‘We’re still here’ is the cry from the top of the mountain.
Hemlock Valley businesses, which rest around the base of Hemlock Valley Resort, are still open for business despite the cancelled ski season. And It’s about time everyone else knew that fact too, says local businessman Richard ten Brink.
“It’s almost devastating for the industry up here,” says ten Brink, owner of Hemlock Hollow Mountain Accommodations, of the resort’s announcement of a cancelled season on Feb. 4. “It’s been hard on the businesses because that’s what people mostly come up for.”
But no snow shouldn’t stop visitors, he goes on to say. There’s a lot more to Hemlock than a ski hill.
“It’s a great place to get away from the hustle and bustle,” says ten Brink. There’s ATV routes and hiking trails as well as quiet, hidden natural beauty around every corner. There’s fishing, golfing and close access to Harrison Hot Springs.
After Hemlock Resort made the announcement, hundreds of people responded, many writing comments on Hemlock’s Facebook page. At least one mentioned not being able to get a refund for their upcoming weekend booked through Hemlock Hollow. Ten Brink says while they have a clear refund policy on their website, in many cases they did end up providing refunds.
“We pretty much just threw the cancellation policy in the garbage and did per case,” says ten Brink. “A lot of people told us they’d just come up and enjoy it anyway.”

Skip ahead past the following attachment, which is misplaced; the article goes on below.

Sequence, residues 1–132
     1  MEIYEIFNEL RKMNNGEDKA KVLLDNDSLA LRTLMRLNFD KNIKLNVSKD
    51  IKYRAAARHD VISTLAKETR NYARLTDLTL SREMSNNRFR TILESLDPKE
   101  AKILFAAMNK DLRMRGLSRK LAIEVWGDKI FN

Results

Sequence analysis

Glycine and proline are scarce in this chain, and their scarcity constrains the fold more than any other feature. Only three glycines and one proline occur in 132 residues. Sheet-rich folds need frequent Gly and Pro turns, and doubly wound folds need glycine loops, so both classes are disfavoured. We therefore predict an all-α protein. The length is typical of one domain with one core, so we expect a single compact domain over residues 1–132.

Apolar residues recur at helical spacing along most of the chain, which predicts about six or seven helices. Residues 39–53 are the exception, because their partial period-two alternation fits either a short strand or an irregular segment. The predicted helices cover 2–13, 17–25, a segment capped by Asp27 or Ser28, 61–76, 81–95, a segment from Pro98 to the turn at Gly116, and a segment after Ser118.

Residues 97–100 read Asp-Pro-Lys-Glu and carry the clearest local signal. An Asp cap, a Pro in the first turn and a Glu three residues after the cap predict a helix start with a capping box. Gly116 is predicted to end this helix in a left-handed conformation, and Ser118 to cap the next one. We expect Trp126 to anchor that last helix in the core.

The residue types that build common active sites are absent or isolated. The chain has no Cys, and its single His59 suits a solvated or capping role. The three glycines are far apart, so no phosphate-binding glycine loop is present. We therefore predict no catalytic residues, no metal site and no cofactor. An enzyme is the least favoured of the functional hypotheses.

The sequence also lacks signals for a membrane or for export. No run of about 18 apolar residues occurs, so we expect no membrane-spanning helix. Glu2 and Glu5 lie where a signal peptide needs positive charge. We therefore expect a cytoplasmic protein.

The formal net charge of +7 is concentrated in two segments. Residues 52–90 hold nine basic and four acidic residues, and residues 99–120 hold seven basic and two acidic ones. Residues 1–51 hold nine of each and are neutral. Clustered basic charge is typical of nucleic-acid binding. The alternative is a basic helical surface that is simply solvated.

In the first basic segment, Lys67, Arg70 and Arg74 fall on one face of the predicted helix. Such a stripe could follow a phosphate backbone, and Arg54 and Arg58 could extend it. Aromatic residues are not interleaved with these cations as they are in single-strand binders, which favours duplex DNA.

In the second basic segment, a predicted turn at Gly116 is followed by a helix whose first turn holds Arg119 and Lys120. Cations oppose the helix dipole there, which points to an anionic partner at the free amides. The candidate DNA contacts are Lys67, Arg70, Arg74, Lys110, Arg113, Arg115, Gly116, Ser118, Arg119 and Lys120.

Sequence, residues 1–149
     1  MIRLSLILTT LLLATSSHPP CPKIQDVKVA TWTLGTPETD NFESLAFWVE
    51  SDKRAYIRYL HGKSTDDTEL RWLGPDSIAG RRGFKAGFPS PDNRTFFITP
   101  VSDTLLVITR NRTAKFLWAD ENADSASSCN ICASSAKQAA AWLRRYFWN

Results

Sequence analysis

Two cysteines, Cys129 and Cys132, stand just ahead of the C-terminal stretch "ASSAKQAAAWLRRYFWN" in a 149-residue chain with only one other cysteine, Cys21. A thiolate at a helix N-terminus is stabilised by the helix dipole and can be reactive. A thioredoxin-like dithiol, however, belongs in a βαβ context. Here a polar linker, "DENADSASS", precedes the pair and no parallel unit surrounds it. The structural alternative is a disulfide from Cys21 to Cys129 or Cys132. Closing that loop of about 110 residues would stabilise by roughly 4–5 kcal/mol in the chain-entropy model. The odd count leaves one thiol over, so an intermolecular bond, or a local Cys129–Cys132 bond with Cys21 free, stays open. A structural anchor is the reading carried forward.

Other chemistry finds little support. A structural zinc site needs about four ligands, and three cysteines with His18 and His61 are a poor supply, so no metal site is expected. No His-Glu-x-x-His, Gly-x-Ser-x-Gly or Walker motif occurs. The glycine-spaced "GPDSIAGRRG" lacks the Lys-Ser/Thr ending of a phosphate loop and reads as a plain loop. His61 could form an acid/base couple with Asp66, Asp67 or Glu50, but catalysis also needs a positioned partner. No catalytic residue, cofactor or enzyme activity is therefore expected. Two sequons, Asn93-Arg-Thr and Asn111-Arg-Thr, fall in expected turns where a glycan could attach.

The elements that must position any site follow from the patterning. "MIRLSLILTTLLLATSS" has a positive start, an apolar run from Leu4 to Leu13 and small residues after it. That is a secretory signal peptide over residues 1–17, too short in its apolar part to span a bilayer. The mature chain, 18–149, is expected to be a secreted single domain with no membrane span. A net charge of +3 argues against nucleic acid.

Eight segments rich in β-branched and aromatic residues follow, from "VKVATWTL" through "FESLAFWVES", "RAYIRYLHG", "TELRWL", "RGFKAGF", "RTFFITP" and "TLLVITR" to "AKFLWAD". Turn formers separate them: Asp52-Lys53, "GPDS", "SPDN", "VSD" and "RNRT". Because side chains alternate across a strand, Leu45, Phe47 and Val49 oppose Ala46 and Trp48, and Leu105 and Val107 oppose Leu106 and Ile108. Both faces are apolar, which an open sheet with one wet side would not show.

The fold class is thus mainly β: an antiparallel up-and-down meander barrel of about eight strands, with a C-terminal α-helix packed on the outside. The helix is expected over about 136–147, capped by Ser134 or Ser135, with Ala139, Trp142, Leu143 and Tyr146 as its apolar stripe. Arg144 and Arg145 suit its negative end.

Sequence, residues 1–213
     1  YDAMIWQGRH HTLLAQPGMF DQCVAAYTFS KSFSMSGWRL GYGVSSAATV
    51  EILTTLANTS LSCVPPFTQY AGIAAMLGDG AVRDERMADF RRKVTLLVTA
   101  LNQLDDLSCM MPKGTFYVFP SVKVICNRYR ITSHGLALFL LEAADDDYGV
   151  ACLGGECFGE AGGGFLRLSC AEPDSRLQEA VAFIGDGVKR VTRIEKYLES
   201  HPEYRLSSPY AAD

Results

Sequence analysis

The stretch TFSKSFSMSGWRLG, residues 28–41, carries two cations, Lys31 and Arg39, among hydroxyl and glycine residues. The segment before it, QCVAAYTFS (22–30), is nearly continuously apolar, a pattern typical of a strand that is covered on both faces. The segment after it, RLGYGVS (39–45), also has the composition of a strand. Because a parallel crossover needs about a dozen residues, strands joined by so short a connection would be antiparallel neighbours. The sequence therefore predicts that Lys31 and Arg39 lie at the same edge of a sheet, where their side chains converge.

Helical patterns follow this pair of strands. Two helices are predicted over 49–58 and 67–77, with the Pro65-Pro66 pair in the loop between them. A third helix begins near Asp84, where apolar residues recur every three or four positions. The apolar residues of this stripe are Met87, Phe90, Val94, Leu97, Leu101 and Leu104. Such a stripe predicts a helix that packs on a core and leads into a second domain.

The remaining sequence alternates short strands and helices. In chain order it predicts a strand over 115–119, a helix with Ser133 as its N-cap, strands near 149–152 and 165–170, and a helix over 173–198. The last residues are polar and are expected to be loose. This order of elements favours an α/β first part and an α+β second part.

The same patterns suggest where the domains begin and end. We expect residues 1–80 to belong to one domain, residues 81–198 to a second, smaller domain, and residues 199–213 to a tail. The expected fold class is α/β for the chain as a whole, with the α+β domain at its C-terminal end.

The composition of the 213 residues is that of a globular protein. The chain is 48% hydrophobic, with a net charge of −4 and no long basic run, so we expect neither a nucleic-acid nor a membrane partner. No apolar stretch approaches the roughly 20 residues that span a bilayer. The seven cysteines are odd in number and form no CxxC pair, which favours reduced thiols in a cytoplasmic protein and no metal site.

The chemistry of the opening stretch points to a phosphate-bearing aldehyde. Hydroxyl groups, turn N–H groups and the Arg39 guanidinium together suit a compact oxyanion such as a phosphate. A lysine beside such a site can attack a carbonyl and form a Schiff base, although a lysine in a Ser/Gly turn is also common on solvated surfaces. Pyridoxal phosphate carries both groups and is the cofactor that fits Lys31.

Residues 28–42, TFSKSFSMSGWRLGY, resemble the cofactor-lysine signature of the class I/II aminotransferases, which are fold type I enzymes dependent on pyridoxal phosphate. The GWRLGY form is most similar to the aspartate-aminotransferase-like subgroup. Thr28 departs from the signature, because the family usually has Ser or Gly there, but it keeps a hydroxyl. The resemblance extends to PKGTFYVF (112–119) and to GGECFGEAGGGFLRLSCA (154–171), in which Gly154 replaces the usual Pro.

Ten Brink says those who chose to come up for their reserved overnight stays still had a good time. To attract more visitors, Hemlock Hollow dropped their high-season rates to encourage more overnight stays.
The ten Brinks love Hemlock Valley. They ended up living there when a weekend getaway place became their full-time home. They started off as a bed and breakfast and recently bought a competitor’s properties, now making them the largest accommodations company on the hill.
Stewart Green is another one of the year-long residents on the hill. He doubles as a ski coach and local realtor. Green is quick to point out that Hemlock was just the first of many hills with bad luck for snow this year, with many either closing or having severely impacted conditions.
When it comes to real estate, Green says the closure this year didn’t actually cause a stir in the local market. That’s because the waters have been relatively stagnant for years.
“The trend is really province-wide, and country-wide and world-wide,” says Green. “After 2008 and the economic downturn, interest in recreational and retirement-style real estate dropped off.”
Places like Hemlock Valley suffered, with the frequency of sales dropping “considerably.”
Green saw almost no sales from 2010-2013. But then in 2014, inventory started to move with a “little flurry” of interest. He says for newer buyers and longtime owners, the only draw was winter skiing. But now, he sees owners and renters using the accommodations year-round for everything from hiking, ATVing, golfing and fishing.
“I’m a big believer Hemlock will succeed,” says Green.